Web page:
Alternatively, a lessee may assert that, despite having the contractual ability to do so, it has no plans to sublease the leased asset (e.g., when there is an oversaturation of supply in the real estate market). In this scenario, judgment is required to support a conclusion that the ROU asset is or will be abandoned. For example, when a lessee has a significant remaining lease term, it may be difficult to support abandonment, especially when a reasonable party would likely attempt to economically benefit from the leased space at some point in the future (e.g., through subleasing or alternative use). Alternatively, when there is an insignificant remaining lease term and the lessee can support that the leased space will not be used, or there is no reasonable possibility of subleasing the space for the remainder of the lease term, abandonment accounting may be appropriate.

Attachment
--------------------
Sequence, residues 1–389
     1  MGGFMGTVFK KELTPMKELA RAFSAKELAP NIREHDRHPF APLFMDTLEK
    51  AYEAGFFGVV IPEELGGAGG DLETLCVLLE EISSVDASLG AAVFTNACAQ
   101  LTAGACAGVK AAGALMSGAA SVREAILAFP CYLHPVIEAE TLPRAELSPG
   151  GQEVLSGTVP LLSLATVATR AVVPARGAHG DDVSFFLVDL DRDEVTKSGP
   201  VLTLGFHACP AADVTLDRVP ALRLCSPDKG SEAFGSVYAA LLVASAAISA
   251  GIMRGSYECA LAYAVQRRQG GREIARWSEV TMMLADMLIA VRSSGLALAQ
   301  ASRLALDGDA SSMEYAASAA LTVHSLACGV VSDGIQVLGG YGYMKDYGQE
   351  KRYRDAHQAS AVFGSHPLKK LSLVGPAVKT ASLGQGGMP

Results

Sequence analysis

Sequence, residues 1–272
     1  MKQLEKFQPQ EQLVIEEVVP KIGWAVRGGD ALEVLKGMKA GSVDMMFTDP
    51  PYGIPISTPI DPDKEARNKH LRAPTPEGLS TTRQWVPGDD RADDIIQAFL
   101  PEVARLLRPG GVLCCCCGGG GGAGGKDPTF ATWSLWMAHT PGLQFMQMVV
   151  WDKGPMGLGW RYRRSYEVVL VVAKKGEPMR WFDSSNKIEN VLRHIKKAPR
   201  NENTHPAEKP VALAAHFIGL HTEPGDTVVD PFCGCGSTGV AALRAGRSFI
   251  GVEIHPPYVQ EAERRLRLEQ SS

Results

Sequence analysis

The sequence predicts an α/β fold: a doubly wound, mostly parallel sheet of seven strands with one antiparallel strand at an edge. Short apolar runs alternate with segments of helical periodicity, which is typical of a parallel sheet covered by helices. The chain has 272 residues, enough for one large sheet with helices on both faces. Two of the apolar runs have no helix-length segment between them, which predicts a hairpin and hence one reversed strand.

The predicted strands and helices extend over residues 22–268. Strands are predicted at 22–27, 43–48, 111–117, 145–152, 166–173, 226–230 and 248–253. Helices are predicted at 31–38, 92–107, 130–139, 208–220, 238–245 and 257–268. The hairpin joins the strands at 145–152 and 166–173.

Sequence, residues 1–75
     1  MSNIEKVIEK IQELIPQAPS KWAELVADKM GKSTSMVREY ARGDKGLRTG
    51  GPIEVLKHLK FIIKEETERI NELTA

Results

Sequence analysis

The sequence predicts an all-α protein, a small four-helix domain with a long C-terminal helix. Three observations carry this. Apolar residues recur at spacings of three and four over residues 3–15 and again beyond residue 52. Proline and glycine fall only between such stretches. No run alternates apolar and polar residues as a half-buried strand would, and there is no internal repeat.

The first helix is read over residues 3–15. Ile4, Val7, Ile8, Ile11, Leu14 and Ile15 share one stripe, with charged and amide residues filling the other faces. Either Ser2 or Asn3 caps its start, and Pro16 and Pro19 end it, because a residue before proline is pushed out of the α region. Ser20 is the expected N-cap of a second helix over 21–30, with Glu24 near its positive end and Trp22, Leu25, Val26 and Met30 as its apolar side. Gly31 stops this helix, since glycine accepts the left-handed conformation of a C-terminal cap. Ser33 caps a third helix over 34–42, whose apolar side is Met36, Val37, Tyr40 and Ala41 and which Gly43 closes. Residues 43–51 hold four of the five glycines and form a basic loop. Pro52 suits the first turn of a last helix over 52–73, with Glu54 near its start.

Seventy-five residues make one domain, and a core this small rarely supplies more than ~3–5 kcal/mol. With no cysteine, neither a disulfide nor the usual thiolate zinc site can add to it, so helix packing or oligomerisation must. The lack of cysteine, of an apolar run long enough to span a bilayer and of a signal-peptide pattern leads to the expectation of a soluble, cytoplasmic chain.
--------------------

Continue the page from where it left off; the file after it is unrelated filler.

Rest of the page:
Once a decision is made to abandon a ROU asset, the lessee should first consider whether any of the conditions in ASC 842-10-35-1 exist that would require reassessment of the lease term and lease classification. See LG 5.3 for information on circumstances that may require lease remeasurement. A lessee should also consider whether changes to lease components (e.g., in the case of a partial abandonment of leased space) or asset groups are necessary. A plan to abandon a ROU asset may not, in isolation, cause a reassessment of an asset grouping, particularly if the lessee is continuing to use the underlying asset in substantially the same manner for a period of time after the decision (i.e., the level of identifiable cash flows have not yet materially changed).